To assess the effect of methazolamide on chronic macular edema in patients with retinitis pigmentosa in a double-masked, placebo-controlled, crossover study. Three subjects who had an initial improvement in their macular edema as demonstrated on fluorescein angiography received a continued course of methazolamide to assess its effect on macular edema.
Seventeen subjects were enrolled in the initial study. On angiography, nine subjects demonstrated improvement in their macular edema with the use of methazolamide for 3 weeks; three of these continued receiving the drug at a dosage of 50 mg twice daily for either an additional 6 (one subject) or 12 (two subjects) weeks. All subjects were assessed at each visit with fluorescein angiography and on best corrected visual acuity, both undilated and dilated; a subjective impression was also documented.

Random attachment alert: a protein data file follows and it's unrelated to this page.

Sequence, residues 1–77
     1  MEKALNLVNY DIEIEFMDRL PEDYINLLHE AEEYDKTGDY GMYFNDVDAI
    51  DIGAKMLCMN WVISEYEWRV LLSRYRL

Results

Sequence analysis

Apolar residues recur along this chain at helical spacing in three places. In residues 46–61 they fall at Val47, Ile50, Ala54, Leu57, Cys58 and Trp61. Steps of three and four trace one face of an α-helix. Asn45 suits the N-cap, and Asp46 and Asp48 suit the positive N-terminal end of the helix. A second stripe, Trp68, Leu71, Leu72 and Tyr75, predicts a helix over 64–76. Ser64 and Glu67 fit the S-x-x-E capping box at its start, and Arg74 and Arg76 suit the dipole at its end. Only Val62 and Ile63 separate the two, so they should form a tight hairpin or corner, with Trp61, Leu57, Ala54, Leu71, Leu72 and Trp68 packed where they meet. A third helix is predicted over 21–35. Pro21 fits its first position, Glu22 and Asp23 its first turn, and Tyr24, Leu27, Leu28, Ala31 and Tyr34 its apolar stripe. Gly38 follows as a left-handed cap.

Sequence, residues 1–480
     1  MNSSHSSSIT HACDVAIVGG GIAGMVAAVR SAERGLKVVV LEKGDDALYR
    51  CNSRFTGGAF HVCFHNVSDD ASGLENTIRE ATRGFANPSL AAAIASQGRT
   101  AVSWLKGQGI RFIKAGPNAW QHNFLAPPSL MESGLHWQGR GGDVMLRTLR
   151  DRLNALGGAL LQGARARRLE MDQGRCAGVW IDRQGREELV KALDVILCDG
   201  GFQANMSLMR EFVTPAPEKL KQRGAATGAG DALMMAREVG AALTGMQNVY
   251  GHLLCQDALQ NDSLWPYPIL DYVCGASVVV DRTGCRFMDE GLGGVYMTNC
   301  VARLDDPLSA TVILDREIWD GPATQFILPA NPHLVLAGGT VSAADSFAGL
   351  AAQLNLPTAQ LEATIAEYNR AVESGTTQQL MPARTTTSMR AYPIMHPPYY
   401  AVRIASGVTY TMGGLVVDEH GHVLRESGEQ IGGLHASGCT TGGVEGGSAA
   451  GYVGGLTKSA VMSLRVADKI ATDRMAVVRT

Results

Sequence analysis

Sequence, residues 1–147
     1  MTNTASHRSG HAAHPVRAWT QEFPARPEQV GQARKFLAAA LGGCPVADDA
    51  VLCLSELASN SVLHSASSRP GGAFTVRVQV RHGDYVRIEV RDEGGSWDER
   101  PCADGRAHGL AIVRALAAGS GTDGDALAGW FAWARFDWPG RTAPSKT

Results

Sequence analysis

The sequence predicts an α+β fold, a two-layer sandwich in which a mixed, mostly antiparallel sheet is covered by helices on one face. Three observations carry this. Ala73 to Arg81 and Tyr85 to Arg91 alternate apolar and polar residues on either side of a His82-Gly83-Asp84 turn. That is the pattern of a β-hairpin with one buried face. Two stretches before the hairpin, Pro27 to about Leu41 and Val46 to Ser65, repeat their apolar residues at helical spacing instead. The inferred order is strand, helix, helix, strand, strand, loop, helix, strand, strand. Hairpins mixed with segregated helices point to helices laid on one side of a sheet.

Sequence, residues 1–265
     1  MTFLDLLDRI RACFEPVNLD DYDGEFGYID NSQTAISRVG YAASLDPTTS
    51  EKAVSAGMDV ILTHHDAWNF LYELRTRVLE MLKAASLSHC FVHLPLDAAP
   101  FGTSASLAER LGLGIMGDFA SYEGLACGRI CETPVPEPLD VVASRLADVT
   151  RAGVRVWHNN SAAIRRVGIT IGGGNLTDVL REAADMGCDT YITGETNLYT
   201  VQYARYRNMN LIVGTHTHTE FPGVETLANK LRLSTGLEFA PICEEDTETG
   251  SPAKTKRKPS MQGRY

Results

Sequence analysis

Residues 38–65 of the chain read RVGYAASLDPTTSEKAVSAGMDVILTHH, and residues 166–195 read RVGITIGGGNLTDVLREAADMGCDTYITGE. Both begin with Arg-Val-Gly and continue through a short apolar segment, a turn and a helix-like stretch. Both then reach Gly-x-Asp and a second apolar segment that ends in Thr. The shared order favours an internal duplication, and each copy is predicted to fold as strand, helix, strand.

After 6 and 12 weeks of treatment, all three subjects experienced a rebound of angiographic macular edema to some extent. The visual acuity varied only slightly (up to 7 letters) from both the baseline and most recent examinations after 6 and 12 weeks of treatment.
Results from these few subjects suggest that at least a partial rebound of macular edema seen angiographically may occur with the continued use of methazolamide in patients with retinitis pigmentosa and chronic macular edema. Further study is required to determine if this rebound effect also occurs in treatment of other ocular disorders with chronic macular edema.
Fishman GA, Glenn AM, Gilbert LD. Rebound of Macular Edema With Continued Use of Methazolamide in Patients With Retinitis Pigmentosa. Arch Ophthalmol. 1993;111(12):1640–1646. doi:10.1001/archopht.1993.01090120062023
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